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Thou art my life, my love, my heart,

The very eyes of me,
And hast command of every part,
To live and die for thee.

R. Herrick.

XLI.

OXXV

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Love not me for comely grace,
For my pleasing eye or face,
Nor for any outward part,
No, nor for my constant heart,-
For those may fail, or turn to ill,

So thou and I shall sever :
Keep therefore a true woman's eye,
And love me still, but know not why-
So hast thou the same reason still
To doat upon me ever!

Anon.

XLII.

CXXVI.

Not, Celia, that I juster am

Or better than the rest ;
For I would change each hour, like them,

Were not my heart at rest.

5

But I am tied to very thee

By every thought I have;
Thy face I only care to see,

Thy heart I only crave.

10

All that in woman is adored

In thy dear self I find-
For the whole sex can but afford

The handsome and the kind.

Why then should I seek further store,

And still make love anew ?
When change itself can give no more,
'Tis easy to be true.

Sir C. Sedley.

15

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10

When flowing cups run swiftly round

With no allaying Thames,
Our careless heads with roses crown'd,

Our hearts with loyal flames ;
When thirsty grief in wine we steep,

When healths and draughts go free-
Fishes that tipple in the deep

Know no such liberty.

15

When like committed linnets, I

With shriller throat shall sing
The sweetness, mercy, majesty

And glories of my King;
When I shall voice aloud how good

He is, how great should be,
Enlargéd winds, that curl the flood,

Know no such liberty.

20

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IF to be absent were to be

Away from thee;
Or that when I am gone

You or I were alone;

Then, my Lucasta, might I crave
Pity from blustering wind, or swallowing wave.

5

But I'll not sigh one blast or gale

To swell my sail,
Or pay a tear to 'suage

The foaming blue-god's rage ;

For whether he will let me pass
Or no, I'm still as happy as I was.

10

15

Though seas and land betwixt us both,

Our faith and troth,
Like separated souls,

All time and space controls :

Above the highest sphere we meet
Unseen, unknown, and greet as Angels greet.

So then we do anticipate
Our after-fate,

20 And are alive i' the skies,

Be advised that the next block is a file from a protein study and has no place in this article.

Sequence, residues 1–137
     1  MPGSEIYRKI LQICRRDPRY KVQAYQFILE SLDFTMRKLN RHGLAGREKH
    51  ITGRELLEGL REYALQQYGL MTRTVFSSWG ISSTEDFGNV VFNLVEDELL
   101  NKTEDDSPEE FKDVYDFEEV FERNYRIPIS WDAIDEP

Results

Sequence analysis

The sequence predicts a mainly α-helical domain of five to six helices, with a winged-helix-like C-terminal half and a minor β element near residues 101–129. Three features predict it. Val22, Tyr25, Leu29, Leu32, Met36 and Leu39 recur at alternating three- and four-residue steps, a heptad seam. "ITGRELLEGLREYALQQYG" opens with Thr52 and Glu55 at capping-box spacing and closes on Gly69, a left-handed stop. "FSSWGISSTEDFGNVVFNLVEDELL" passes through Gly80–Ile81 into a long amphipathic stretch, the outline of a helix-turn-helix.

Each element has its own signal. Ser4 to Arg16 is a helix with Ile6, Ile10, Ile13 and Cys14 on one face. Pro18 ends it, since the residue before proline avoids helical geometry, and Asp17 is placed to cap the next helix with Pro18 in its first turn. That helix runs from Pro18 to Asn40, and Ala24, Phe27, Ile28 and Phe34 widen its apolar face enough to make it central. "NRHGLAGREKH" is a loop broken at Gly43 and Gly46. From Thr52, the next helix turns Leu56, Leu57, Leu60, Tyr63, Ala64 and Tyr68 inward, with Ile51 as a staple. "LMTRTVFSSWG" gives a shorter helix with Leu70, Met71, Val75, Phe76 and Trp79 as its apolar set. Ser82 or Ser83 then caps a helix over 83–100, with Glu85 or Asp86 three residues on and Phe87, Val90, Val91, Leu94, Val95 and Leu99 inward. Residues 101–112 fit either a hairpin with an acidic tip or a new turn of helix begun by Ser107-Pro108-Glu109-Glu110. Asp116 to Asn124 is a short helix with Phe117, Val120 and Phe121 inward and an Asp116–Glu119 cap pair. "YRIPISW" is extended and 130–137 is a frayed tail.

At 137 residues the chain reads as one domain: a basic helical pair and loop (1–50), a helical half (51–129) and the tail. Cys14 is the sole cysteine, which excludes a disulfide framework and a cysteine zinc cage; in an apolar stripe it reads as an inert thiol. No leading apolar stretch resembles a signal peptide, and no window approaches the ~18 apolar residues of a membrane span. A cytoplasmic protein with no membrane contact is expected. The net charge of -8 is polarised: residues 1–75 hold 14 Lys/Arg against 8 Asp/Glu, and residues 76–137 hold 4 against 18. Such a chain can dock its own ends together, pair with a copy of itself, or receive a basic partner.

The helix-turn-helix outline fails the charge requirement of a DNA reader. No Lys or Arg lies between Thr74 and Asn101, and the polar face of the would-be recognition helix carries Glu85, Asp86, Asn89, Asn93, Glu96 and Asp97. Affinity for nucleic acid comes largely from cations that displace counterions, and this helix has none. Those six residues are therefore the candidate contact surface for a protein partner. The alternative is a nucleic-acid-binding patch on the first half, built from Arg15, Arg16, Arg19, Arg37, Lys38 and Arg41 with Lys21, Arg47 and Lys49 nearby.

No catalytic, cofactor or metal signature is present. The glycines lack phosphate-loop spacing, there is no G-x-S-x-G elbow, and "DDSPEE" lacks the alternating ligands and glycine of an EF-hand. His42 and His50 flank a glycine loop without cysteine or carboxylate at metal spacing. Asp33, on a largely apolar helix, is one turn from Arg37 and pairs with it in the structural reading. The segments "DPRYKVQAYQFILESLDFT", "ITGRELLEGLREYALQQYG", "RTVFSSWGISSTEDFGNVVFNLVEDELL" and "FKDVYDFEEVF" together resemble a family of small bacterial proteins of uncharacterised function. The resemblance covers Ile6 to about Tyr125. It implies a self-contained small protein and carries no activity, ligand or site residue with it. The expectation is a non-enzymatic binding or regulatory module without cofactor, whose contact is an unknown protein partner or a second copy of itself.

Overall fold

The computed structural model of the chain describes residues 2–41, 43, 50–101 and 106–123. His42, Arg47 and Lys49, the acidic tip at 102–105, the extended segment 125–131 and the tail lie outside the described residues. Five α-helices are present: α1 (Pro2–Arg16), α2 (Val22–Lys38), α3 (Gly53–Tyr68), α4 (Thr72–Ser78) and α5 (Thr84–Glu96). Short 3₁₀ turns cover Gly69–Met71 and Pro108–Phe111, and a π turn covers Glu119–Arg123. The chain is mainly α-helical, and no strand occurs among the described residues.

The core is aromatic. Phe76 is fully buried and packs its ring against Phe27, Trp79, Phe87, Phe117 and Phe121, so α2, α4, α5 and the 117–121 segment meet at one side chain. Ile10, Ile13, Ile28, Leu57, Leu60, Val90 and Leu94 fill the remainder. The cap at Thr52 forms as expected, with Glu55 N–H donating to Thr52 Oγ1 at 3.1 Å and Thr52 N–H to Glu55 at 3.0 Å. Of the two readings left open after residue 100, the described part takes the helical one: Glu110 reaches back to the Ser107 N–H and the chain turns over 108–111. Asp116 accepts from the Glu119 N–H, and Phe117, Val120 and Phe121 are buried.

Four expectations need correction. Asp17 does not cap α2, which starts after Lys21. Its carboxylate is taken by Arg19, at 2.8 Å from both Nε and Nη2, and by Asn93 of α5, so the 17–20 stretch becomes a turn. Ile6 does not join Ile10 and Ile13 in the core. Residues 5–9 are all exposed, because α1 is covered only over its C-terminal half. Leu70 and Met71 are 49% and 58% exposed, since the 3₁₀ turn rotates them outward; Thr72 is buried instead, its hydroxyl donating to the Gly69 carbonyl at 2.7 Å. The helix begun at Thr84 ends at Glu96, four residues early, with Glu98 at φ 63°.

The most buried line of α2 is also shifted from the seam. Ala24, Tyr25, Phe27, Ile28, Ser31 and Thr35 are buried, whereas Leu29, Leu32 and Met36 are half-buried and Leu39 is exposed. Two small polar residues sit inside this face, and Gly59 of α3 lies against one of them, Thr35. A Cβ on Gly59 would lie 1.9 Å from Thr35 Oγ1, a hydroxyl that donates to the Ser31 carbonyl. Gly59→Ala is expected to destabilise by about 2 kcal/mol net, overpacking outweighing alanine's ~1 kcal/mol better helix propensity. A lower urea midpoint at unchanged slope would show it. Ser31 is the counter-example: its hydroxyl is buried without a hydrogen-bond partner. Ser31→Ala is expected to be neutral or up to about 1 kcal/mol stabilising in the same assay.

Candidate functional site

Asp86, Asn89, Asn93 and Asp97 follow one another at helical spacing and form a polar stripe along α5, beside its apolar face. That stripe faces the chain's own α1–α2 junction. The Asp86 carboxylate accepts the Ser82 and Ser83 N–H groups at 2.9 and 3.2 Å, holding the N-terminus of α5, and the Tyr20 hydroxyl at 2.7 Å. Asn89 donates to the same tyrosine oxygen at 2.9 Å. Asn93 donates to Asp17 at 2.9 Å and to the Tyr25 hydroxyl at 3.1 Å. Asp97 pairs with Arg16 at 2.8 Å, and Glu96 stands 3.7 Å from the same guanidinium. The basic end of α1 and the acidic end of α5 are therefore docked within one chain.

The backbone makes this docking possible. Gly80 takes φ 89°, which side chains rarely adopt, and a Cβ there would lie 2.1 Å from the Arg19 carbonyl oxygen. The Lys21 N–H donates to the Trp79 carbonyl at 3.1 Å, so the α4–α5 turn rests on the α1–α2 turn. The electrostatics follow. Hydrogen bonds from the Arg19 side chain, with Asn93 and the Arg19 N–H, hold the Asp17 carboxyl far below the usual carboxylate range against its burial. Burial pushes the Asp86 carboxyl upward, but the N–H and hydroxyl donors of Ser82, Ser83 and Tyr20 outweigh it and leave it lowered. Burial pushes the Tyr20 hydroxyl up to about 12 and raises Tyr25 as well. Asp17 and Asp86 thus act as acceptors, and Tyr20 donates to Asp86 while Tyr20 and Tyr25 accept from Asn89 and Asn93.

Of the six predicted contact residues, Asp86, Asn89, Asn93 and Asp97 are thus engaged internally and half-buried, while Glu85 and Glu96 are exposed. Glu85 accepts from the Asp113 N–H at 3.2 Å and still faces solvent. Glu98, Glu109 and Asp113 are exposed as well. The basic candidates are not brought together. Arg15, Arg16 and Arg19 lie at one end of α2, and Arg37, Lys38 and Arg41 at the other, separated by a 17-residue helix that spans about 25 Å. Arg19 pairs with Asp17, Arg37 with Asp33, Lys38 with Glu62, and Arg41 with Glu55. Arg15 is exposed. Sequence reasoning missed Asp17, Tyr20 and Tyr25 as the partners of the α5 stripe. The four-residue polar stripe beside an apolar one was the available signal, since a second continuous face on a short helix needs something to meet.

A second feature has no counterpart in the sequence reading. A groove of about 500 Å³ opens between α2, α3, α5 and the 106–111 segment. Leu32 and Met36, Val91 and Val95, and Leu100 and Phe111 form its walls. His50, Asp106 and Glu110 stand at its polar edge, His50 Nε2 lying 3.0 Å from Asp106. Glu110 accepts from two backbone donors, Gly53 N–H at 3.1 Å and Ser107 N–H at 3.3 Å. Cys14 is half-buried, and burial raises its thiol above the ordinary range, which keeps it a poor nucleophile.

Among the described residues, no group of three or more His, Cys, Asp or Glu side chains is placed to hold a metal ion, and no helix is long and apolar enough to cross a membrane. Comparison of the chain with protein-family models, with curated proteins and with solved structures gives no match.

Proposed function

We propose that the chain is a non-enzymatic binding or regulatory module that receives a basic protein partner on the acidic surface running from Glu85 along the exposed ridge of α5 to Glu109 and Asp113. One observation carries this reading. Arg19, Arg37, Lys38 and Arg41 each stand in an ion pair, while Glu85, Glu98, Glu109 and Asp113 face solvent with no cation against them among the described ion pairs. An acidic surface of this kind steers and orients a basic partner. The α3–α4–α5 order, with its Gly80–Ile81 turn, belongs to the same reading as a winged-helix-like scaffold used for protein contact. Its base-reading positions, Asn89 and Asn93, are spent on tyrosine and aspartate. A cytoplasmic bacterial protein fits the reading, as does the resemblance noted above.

If thus our lips and eyes

Can speak like spirits unconfined
In Heaven, their earthy bodies left behind.

Colonel Lovelace.

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Why so dull and mute, young sinner ?

Prythee, why so mute ?
Will, when speaking well can't win her,

Saying nothing do't ?
Prythee, why so mute ?

10

Quit, quit, for shame! this will not move,

This cannot take her ;
If of herself she will not love,

Nothing can make her:
The D-1 take her!

Sir J. Suckling.

15

XLVI.

CXXX.

A SUPPLICATION.

AWAKE, a wake, my Lyre !
And tell thy silent master's humble tale

In sounds that may prevail ;
Sounds that gentle thoughts inspire :

Though so exalted she

5 And I so lowly be Tell her, such different notes make all thy harmony.

10

Hark! how the strings awake :
And, though the moving hand approach not near,

Themselves with awful fear
A kind of numerous trembling make.

Now all thy forces try ;

Now all thy charms apply ;
Revenge upon her ear the conquests of her eye.

15

Weak Lyre! thy virtue sure
Is useless here, since thou art only found

To cure, but not to wound,
And she to wound, but not to cure.

Too weak too wilt thou prove

My passion to remove ;
Physic to other ills, thou’rt nourishment to Love.

20

Sleep, sleep again, my Lyre!
For thou canst never tell my humble tale

In sounds that will prevail,
Nor gentle thoughts in her inspire;

25 All thy vain mirth lay by,

Bid thy strings silent lie,
Sleep, sleep again, my Lyre, and let thy master die.

A. Cowley.

XLVII.

OXXXI.

THE MANLY HEART.

SHALL I, wasting in despair,
Die because a woman's fair ?
Or my cheeks make pale with care
'Cause another's rosy are?

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